Grounds For Concern

8/24/2009


Hurt by doubts about China’s ability to power a global recovery, the averages have pulled back from the nine-month highs reached Aug. 13. A market correction seems overdue, and history suggests a one-third to two-thirds retracement of the advance since March is likely at some point. From the Aug. 13 closes, such a correction would bring the Dow Industrials to about 7,500 to 8,450, while the Dow Transports would reach 2,700 to 3,230.

History also suggests that timing secondary corrections with precision is very difficult — and that timing the market in an all-or-nothing fashion is a good way to wreck the long-term returns of your portfolio. As always, our stock-market exposure is meant to balance potential reward and potential risk, giving consideration to both bullish and bearish factors.

For now, all things considered, holding about 30% of equity portfolios in a short-term corporate bond fund seems prudent. Among the factors considered in determining our stance:

The Dow Theory has not provided a bull-market confirmation. Without significant corrections in both averages and rebounds to new highs, the move to new lows in March represents the last confirmed signal under the Dow Theory.

The market appears overbought on a near-term basis. About 88% of NYSE stocks are trading above their 200-day moving averages. Historically, such an extreme reading versus historical norms has signaled an increased risk of a market correction.

Sentiment seems exuberant. Among newsletters monitored by Investors Intelligence, the ratio of bulls to bears is near 19-month highs. Among investors surveyed by the American Association of Individual Investors, bullish sentiment has increased for five straight weeks to 51%. While sentiment can always become even more exuberant in the short term, history suggests that corrections tend to begin amid widespread bullishness.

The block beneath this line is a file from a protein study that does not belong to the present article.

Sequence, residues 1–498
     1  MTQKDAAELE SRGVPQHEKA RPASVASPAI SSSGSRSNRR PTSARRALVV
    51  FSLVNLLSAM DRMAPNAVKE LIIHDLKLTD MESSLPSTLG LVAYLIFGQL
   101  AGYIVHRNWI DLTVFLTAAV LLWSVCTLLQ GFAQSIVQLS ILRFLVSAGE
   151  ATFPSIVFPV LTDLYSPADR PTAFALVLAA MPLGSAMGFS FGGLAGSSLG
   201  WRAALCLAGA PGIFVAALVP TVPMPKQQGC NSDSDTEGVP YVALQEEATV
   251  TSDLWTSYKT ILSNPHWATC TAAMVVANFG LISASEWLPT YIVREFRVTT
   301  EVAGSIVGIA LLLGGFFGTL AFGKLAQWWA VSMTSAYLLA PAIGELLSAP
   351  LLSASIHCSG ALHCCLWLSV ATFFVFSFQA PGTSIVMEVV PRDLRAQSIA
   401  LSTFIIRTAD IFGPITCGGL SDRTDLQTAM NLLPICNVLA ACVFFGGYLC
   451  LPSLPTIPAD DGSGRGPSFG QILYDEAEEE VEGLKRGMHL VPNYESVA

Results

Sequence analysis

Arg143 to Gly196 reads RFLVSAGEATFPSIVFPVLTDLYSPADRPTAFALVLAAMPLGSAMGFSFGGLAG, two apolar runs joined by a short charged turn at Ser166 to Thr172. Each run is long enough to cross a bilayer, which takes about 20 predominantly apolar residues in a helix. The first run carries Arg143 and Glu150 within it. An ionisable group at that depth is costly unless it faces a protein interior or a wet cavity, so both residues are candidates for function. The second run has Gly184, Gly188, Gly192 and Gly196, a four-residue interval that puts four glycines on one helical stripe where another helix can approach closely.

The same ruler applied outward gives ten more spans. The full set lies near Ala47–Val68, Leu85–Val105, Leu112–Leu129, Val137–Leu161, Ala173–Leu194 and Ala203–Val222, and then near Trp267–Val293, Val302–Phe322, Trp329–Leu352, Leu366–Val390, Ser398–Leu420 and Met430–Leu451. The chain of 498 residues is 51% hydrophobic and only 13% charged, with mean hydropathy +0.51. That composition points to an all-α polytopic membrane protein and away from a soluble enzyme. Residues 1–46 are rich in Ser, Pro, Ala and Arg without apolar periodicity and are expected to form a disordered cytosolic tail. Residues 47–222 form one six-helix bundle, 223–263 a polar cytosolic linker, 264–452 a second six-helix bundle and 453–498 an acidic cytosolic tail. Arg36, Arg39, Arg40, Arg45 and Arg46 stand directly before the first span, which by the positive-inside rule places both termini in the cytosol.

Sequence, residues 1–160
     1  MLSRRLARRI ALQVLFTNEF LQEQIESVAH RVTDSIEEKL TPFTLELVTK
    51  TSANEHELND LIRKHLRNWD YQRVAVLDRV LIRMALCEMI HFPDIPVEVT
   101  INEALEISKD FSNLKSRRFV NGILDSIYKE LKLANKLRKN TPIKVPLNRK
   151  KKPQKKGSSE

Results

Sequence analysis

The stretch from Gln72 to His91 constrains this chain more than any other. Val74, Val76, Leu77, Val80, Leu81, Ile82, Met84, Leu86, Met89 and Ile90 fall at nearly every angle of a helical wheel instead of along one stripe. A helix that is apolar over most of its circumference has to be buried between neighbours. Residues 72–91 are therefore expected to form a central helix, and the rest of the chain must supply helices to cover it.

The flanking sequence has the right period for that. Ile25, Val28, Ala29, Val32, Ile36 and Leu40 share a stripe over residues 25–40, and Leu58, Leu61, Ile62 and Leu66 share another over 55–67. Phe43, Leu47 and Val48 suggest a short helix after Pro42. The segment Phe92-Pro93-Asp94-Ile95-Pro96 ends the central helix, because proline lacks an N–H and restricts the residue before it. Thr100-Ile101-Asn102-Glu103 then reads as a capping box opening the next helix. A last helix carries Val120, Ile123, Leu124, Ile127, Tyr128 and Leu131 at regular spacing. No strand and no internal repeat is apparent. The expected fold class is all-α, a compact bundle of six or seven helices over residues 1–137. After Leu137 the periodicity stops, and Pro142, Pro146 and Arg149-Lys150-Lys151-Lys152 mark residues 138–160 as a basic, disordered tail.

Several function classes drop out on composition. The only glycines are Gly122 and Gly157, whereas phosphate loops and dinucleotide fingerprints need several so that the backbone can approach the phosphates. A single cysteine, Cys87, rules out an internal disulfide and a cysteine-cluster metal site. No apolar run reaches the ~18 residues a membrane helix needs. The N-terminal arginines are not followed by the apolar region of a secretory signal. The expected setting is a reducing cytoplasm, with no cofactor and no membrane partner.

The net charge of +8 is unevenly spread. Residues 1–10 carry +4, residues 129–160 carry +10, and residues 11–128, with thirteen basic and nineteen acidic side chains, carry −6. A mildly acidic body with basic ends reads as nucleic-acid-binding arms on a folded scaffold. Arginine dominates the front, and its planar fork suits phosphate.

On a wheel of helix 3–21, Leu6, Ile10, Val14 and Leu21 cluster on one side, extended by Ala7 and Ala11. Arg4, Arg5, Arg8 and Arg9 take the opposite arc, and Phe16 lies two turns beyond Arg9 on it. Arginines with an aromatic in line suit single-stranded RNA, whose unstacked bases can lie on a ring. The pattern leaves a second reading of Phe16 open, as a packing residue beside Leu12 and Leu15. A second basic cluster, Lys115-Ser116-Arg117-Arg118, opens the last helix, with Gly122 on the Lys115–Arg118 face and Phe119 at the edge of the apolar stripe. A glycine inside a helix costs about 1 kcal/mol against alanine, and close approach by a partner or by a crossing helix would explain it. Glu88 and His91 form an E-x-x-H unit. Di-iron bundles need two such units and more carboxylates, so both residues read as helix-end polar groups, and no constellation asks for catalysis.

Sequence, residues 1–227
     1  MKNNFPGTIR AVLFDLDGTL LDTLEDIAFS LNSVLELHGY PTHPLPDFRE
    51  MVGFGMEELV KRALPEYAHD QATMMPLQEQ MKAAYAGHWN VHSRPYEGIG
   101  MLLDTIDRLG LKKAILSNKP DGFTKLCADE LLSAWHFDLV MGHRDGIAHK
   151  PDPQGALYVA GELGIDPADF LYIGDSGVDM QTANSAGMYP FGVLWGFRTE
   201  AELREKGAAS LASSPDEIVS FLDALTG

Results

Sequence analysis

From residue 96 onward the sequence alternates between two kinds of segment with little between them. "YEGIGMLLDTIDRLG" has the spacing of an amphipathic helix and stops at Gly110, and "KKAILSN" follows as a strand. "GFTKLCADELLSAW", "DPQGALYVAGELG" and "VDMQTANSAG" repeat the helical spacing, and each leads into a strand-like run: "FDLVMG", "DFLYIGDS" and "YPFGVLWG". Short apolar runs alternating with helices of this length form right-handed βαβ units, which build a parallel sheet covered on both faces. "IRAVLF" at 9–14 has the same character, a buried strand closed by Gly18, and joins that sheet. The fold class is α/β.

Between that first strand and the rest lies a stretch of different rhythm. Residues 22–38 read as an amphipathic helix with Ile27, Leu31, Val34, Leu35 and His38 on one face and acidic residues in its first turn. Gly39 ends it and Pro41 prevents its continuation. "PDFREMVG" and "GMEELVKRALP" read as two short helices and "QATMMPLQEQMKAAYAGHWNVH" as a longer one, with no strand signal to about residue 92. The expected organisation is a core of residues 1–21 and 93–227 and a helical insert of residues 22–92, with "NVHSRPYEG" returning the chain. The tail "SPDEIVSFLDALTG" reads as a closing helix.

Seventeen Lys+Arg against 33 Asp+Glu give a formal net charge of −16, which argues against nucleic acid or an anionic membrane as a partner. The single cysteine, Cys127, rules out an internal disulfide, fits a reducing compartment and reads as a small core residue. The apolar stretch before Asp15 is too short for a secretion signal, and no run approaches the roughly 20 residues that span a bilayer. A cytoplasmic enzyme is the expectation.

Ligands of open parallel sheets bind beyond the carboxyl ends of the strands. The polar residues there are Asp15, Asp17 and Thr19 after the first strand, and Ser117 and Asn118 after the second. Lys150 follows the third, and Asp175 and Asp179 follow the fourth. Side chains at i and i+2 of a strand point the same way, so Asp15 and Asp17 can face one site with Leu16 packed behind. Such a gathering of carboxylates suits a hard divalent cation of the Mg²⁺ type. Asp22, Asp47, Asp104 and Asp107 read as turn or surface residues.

Downside economic surprises have become more likely. The idea that the U.S. recession is over has quickly become the consensus view, and investors seem unduly complacent regarding the global economy’s reliance on China — a command economy that has been revived by massive monetary stimulus.

Corporate insiders are selling into the rally. According to Insiderscore.com, companies with selling recently outnumbered those with buying by a more than 2-to-1 ratio for the first time since February 2007. Insiders are often wrong on individual stocks, but widespread selling is a bearish development.

On the plus side, the quality stocks we favor seem less vulnerable to a correction. The rally since March has been led by shares of the companies with the worst finances and track records. As a result, many of the fundamentally superior companies we emphasize are trading at relatively attractive valuations.


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